Flash Performance

The SD4000 IS's flash is entirely typical of this class of camera - it's small and not very powerful, with a range of only 2m at the long end of the zoom, even with ISO set as high as 800. However, despite its flash not having much 'reach', the SD4000 IS can (on occasion) get a bit over-keen and produce images with rather overpowering flash if working within its rather limited range.

Skin tone - slightly too warm (our subject isn't quite this rosey-cheeked), but exposure is accurate Color chart - good color, good exposure

Macro Focus

The SD4000 IS is pretty good when it comes to macro, with it able to focus 3cm from the front of the lens, capturing an area of 37 x 27 mm (about 2/3rds the area of a Compact Flash memory card), meaning 98 pixels are being used to describe each mm of subject while allowing you to stay a reasonable distance from the subject.

Impressively the distortion remains relatively low and the corner sharpness relatively high even at this greatest magnification, making the resulting images very usable. The magnification is less impressive at the telephoto end of the zoom but still considerably better than many cameras that only effectively macro focus at the widest settings of their lenses.

Wide macro - 37 x 27 mm coverage
98 px/mm (2493 px/in)
Distortion: Low
Corner softness: Low
Equiv. focal length: 28 mm
Telephoto macro - 90 x 67 mm coverage
40 px/mm (1027 px/in)
Distortion: Low
Corner softness: Low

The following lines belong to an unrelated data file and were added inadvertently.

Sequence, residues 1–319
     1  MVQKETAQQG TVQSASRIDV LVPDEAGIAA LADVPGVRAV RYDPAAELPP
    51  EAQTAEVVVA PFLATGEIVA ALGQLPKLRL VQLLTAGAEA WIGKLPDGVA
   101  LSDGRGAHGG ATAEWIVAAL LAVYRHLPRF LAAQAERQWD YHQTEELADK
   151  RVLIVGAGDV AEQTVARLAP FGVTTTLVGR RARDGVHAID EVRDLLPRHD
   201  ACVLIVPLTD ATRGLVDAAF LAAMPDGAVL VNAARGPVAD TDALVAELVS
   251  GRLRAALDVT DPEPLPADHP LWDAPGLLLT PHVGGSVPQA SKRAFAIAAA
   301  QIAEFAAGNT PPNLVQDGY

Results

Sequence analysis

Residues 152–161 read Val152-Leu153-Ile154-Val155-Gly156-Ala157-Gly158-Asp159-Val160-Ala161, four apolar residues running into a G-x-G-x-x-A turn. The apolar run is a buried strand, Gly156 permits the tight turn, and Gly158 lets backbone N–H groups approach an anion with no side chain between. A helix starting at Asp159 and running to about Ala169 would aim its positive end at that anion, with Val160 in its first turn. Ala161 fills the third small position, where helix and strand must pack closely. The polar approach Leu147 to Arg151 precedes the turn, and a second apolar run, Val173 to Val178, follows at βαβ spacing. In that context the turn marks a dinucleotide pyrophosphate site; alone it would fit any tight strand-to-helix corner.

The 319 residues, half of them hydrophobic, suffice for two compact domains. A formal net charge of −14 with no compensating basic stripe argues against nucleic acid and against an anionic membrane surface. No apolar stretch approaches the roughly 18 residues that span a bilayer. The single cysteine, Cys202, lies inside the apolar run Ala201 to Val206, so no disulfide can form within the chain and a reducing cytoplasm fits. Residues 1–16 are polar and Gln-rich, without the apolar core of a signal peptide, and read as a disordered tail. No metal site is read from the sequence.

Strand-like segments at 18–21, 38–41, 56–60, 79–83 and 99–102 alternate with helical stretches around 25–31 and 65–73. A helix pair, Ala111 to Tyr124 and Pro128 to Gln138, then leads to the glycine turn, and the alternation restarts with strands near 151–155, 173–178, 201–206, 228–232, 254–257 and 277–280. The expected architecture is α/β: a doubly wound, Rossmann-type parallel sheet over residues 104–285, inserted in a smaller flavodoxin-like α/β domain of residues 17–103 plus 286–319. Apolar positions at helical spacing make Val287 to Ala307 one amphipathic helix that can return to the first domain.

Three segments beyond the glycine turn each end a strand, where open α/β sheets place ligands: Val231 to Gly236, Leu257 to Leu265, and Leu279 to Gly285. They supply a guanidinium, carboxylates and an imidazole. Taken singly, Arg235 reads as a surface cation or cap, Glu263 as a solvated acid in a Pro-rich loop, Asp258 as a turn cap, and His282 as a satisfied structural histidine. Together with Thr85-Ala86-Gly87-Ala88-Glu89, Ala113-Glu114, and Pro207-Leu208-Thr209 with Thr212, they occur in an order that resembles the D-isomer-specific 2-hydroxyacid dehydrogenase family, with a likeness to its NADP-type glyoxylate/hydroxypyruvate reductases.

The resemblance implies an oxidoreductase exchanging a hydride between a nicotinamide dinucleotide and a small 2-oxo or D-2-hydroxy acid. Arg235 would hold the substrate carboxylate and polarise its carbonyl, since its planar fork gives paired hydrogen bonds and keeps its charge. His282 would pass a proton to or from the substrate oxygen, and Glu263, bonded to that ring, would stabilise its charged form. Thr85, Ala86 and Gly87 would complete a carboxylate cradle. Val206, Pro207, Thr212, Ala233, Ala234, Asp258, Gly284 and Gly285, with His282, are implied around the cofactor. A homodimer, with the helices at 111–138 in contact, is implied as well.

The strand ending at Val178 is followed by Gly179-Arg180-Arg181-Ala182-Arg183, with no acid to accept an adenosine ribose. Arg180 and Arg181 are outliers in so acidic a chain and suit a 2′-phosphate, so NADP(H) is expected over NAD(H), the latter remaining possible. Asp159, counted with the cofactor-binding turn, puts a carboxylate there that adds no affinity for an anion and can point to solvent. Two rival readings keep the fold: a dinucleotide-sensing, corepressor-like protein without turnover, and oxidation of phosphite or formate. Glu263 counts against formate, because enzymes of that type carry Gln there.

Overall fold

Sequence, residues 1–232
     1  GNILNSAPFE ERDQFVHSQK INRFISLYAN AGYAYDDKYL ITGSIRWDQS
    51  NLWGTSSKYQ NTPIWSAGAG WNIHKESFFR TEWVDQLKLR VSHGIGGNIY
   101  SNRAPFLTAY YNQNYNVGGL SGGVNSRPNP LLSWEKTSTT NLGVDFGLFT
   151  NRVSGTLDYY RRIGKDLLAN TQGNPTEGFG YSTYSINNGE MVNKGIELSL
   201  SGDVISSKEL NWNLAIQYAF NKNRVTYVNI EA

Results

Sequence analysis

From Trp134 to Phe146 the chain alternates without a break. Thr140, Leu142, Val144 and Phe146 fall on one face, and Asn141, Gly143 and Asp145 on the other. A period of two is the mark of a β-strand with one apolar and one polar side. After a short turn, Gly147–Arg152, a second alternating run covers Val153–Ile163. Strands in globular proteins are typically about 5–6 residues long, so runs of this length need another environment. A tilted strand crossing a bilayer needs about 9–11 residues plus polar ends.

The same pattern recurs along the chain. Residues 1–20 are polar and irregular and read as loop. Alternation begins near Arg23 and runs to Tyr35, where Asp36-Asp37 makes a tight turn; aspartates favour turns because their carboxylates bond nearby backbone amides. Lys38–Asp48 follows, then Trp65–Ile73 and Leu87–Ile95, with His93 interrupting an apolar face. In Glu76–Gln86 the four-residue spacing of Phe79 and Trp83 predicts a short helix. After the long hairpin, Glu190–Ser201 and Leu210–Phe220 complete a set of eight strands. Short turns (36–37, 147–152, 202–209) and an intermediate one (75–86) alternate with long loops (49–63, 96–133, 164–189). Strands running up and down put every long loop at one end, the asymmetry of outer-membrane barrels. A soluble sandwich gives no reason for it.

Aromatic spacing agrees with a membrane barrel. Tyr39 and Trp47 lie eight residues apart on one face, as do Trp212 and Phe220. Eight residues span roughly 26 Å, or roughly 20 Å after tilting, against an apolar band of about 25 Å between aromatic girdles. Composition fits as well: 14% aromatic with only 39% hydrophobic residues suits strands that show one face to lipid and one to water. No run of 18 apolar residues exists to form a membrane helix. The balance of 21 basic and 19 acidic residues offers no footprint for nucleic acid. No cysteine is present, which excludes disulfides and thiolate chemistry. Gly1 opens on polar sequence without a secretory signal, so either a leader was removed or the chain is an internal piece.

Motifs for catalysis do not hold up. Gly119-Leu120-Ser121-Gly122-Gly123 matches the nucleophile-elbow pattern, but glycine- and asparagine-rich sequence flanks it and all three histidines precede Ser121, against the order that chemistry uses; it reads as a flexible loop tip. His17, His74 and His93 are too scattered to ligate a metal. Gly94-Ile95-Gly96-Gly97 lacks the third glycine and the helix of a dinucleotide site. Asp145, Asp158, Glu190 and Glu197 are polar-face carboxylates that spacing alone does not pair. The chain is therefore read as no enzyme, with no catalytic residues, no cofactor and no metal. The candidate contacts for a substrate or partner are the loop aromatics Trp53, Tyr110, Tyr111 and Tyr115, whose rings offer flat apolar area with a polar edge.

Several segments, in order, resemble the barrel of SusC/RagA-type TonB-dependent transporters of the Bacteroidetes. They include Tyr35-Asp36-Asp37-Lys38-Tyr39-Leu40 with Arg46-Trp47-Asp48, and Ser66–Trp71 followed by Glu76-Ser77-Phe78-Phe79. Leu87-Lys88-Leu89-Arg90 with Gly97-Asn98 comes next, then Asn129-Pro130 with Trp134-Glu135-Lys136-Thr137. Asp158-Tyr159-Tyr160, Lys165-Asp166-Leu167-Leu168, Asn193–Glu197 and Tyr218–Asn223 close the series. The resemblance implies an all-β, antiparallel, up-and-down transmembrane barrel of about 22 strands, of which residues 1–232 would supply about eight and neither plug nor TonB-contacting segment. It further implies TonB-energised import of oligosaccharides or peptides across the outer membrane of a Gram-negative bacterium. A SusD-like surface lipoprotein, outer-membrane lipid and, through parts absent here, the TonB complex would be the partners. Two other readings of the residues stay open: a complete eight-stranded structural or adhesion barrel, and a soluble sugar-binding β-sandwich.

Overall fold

Equiv. focal length: 105 mm

Barrel and Pincushion Distortion

The SD4000 IS does very well in terms of distortion. Because it doesn't produce raw output, it's impossible to tell whether this is due to great optical design or whether the lens is being helped-out by a little software correction. Frankly, though, it doesn't matter - the image corners are sharp enough that it is irrelevant how the result is achieved. Chromatic aberrations are clearly visible at the lens' wide-angle setting but it's not to a degree that's likely to be problematic in real-world photos.

Barrel distortion: 0.5% at Wide angle
Equiv. focal length: 28 mm
Pincushion distortion: 0.3% at Telephoto
Equiv. focal length: 105 mm

The distortion figures are 0.5% or lower throughout the lens' range, easily low enough that distortion will never be apparent in photos.

Movie mode

As you'd expect of a contemporary compact the SD4000 IS can shoot 720p high definition movies. These are compressed using the comparatively sophisticated H.264 method and stored in the easy-to-use MOV format with stereo sound. As you'd expect of an essentially point-and-shoot there are no options to control shutter speed or aperture during movie shooting. You can zoom the lens while shooting - the zoom slows down in order to reduce noise, though there is still a faint chirping noise audible when you use it.

Sample movie: 1280 x 720 pixels @ 29.97 fps
File size: 40.3 MB, 14.2 secs

Click on the thumbnail to view the movie (caution: very large file)
Sample movie: 1280 x 720 pixels @ 29.97 fps